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When it comes to chronic gastritis, some underlying causes can be at the root of why you have the condition. Although antacids are the first-line treatment option for gastritis cases, it is not always the most efficient option for patients depending on the why exactly they have the disease. 

Two of the most common reasons why patients may suffer from chronic gastritis are: 

  • potential bacterial infections
  • overuse of medications. 
The most common bacterial infection that can cause chronic gastritis goes by the name of H. pylori and gastritis may also be due to the overuse of painkillers like Tylenol and Advil

H. pylori are the first type of infection that I will highlight in this discussion. It is a common organism and is present in a large number of the global population. About 55 percent of preschoolers are currently infected with H. pylori while closer to 95 percent of the adult population hosts the organism. [1] The answer to the question why most of the global community is not suffering from chronic gastritis is very simple — H. pylori is usually in a dormant stage and is not actively causing infections. If a patient travels to the Middle East, Asia or South America where this bacteria is more likely to be found in the active form or if they suffer from any disease that lowers their immune system effectiveness, patients will suffer from a multitude of symptoms like chronic stomach pain, peptic ulcers, and weight loss.  

H. pylori work by secreting a fundamental material (pH > 7) that protects it from the harsh acidic environment of the stomach so it can steal valuable nutrients to survive in places where most bacteria will be easily destroyed. Your stomach becomes tricked into thinking the acid in your stomach is not strong enough to digest your next meal and will secrete more and more stomach acid which will eventually start to erode your stomach wall, which is precisely why you are suffering from gastritis.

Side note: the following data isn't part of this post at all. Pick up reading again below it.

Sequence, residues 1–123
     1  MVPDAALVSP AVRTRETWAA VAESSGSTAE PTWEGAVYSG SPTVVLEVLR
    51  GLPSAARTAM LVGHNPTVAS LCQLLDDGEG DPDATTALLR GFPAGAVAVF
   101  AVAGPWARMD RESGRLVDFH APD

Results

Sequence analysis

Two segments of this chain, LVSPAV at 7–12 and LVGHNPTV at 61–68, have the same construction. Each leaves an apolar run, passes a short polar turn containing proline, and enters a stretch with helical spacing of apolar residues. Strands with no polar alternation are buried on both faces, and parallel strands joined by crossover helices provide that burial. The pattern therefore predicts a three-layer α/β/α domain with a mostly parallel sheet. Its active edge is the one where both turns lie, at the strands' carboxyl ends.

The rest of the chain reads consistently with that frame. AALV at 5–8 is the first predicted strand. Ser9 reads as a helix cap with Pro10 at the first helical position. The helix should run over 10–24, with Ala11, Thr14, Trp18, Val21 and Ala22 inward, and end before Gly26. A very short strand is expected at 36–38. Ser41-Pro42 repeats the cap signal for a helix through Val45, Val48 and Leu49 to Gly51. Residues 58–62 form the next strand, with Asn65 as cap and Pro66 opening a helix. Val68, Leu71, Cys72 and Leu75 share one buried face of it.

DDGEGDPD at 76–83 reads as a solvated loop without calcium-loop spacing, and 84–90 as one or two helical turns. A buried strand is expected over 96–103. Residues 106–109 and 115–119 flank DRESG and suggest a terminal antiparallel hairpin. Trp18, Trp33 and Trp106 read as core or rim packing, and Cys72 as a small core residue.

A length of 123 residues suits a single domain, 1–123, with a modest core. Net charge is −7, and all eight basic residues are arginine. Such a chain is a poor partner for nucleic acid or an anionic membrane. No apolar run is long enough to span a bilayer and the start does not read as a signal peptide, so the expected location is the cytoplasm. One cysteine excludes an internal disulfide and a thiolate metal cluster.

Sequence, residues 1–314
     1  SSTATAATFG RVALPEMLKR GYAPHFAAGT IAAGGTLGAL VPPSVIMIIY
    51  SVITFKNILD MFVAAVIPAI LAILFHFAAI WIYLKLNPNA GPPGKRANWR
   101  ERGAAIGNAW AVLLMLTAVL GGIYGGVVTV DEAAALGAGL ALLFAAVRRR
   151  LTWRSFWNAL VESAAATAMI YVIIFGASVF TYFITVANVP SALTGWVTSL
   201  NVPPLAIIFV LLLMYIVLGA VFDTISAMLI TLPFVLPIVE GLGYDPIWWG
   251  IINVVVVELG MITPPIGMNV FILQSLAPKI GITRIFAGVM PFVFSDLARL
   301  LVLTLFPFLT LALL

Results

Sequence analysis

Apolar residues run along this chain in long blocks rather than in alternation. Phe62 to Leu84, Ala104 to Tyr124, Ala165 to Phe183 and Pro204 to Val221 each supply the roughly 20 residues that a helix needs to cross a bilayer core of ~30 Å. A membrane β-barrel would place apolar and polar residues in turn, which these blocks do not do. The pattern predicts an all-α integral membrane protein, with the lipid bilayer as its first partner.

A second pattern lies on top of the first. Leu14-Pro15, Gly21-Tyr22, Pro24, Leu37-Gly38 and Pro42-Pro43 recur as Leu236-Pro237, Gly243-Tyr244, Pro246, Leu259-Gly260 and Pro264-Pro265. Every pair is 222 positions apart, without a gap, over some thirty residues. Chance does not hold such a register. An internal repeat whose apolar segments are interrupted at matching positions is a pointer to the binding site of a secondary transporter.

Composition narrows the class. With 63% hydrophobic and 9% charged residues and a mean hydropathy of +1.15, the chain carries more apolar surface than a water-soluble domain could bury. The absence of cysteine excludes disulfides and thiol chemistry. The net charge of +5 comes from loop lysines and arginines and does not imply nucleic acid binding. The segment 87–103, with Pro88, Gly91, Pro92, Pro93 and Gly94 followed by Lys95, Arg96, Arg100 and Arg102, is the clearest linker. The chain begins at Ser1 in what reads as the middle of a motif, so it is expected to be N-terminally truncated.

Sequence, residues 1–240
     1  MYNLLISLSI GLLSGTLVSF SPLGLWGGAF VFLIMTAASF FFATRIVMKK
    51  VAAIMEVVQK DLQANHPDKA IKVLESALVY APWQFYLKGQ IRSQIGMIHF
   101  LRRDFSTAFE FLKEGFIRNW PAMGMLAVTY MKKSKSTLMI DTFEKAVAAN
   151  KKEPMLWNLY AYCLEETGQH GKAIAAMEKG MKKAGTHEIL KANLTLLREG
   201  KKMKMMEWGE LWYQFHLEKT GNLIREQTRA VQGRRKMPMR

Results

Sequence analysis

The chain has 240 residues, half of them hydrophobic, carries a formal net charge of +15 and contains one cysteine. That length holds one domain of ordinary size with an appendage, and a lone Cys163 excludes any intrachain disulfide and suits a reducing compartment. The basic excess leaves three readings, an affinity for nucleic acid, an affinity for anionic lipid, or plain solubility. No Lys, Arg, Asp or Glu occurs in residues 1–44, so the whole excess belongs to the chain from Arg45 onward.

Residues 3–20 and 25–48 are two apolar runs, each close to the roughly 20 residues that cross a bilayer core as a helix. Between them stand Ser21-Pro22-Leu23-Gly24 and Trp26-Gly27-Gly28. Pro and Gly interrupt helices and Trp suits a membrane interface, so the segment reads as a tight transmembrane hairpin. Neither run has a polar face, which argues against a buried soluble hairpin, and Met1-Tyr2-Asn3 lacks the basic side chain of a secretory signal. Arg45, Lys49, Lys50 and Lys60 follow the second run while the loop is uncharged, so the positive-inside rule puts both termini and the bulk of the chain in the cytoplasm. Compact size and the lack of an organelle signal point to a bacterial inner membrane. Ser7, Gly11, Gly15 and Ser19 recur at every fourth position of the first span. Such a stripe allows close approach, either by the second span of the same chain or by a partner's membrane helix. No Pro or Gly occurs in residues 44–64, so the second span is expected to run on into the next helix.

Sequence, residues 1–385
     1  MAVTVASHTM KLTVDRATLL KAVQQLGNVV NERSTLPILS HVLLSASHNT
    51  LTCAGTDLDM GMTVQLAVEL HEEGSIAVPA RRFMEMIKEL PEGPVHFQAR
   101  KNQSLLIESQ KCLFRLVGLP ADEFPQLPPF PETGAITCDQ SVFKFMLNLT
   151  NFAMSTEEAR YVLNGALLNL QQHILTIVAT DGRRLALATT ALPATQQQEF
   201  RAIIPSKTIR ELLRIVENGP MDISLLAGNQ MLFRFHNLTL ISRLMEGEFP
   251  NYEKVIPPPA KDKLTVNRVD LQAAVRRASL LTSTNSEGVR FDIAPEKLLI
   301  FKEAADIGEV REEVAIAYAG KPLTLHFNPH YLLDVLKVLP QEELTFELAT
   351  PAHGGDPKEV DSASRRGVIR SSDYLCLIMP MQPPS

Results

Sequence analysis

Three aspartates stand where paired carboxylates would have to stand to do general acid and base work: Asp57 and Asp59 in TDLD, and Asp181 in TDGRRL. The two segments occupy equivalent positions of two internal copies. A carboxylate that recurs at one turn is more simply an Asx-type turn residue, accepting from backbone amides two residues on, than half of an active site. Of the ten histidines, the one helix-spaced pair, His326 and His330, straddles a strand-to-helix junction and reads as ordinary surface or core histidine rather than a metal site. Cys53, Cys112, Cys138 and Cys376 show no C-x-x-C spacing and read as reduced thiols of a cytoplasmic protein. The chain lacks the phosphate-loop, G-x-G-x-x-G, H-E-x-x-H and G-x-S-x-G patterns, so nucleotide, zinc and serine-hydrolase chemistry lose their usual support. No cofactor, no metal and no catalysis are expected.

Although medications like antacids or PPIs (proton pump inhibitors) can help neutralize the acid in your stomach, they are helping the bacteria accomplish what it is trying to do to live in a more hospitable environment — you are making the problem worse by using these types of medications. 

Your best option is first to confirm you are suffering from an active H. pylori infection and to take a combination of antibiotics then first to weaken the bacteria and then use antacids to help the stomach lining heal after you eradicate the pest. 

Another potential cause of your chronic gastritis is the overuse of painkillers like Tylenol or Advil. Painkiller abuse is especially common in modern society as patients use these types of medications as a quick fix to headaches and too much stress. These medications interfere with the stomach lining by altering inflammation pathways, and patients can begin to develop gastritis symptoms. When patients start to have stomach pains, their first line of thinking is to usually take some painkiller to help get rid of the problem. Unfortunately, this is the medical equivalent of putting out a fire with gasoline, and you are only exacerbating the problem. In this case, the most effective intervention is to stop using painkillers for a few months and also withhold any PPI medications to allow your stomach to heal and recreate its healthy environment. {2]

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